“Space exploration is all about inspiration, innovation, and discovery. It’s about imagining the future. It’s about taking new steps, and exploring beyond our limitations, and creating something bigger and grander and better than ourselves. Along the way, there are countless benefits, invaluable discoveries, and technologies borne through the trials of exploration that enhance our lives on Earth. That’s been true for NASA’s first 50 years. And I have no doubt that it will be true in the next five decades.”

-NASA Deputy Administrator Shana Dale

Much of the celebration of NASA’s 50th anniversary focuses on the myriad of technological achievements made during those first five decades. But as Deputy Administrator Dale points out, there are many reasons to believe that more benefits, discoveries, and technologies are yet to come.

The NanoSail-D solar sail’s primary objective is todemonstrate successful deployment of a lightweightsolar sail structure in low Earth orbit.

Putting humans back on the Moon and eventually on Mars will take new technologies — many already in development, but some not even thought of yet. Future spacecraft will require novel propulsion technologies and instrumentation, new rovers and robots, medical breakthroughs that will enable humans to live on other planets, and even new materials.

And while NASA’s vision for exploration of space continues to be a primary focus, the next 50 years also will see the development of new technologies that will improve our quality of life on Earth. Satellites and other missions that help us understand the Earth’s climate and how it continues to change, improved energy sources, cleaner cars, and safer air travel are just a few areas in which NASA has already made great strides, and which will continue into the future.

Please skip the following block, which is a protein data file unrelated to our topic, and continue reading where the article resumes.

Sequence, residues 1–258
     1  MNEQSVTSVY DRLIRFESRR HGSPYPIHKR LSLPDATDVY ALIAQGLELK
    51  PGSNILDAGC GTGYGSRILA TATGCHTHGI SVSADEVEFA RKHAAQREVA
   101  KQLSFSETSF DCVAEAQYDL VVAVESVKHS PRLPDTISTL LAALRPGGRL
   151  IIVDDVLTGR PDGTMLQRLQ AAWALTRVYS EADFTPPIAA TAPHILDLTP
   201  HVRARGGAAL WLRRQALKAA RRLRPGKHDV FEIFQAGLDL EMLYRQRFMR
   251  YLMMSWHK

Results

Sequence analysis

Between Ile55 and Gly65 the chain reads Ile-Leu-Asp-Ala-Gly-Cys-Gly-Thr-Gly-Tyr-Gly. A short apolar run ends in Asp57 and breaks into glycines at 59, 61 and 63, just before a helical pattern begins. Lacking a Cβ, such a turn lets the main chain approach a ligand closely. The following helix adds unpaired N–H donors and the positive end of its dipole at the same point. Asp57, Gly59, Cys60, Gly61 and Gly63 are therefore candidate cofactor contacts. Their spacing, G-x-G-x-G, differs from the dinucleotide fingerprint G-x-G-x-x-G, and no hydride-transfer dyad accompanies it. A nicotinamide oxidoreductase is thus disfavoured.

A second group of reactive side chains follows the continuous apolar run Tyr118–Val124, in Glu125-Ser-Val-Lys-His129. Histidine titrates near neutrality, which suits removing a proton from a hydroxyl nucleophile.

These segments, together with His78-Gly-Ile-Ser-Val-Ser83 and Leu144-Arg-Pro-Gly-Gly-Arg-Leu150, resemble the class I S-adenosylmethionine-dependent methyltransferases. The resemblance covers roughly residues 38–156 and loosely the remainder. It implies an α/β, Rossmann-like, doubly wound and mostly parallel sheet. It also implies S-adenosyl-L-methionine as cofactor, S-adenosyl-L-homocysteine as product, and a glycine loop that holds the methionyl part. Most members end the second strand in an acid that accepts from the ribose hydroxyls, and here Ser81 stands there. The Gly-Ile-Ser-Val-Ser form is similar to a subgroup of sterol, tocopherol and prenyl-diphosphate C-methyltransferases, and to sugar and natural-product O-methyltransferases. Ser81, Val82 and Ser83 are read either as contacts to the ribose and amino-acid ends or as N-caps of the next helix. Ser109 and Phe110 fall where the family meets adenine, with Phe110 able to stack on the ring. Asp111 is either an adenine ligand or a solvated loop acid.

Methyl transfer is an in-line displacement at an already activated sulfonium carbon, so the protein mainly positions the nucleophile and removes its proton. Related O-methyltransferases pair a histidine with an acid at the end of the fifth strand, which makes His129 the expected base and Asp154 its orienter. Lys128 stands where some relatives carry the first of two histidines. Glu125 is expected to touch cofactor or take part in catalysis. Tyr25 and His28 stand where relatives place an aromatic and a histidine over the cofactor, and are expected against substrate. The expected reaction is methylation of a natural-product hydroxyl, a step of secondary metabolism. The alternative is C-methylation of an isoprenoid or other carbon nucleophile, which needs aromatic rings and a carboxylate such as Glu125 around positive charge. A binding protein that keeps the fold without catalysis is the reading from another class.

Future Spacecraft

In more than 40 years of spaceflight, a lot has changed. The space shuttle is a luxury ship compared to the Mercury capsules that carried the first American astronauts into space. One thing that has changed very little, however, is the way rockets work. While different fuels have been used, the basic concepts are the same. But NASA researchers are currently working to change that.

Today’s spacecraft are still traveling at about the same speed that John Glenn did in 1962. One way to change that is the Variable Specific Impulse Magnetoplasma Rocket (VASIMR). Not only would VASIMR allow for faster space travel, but it would be able to travel to Mars much more quickly than a contemporary chemical-powered rocket, and then, once there, refuel on Mars for the return flight to Earth. The VASIMR engine could also help protect astronauts from the dangerous effects of radiation during their trip. In the less-distant future, VASIMR could help keep the International Space Station (ISS) in orbit without requiring extra fuel to be brought up from Earth.

VASIMR is a plasma-based propulsion system. An electric power source is used to ionize fuel into plasma. Electric fields heat and accelerate the plasma while the magnetic fields direct the plasma in the proper direction as it is ejected from the engine, creating thrust for the spacecraft. Possible fuels for the VASIMR engine include hydrogen, helium, and deuterium. Electrical power sources for the VASIMR engine could include nuclear power or solar panels.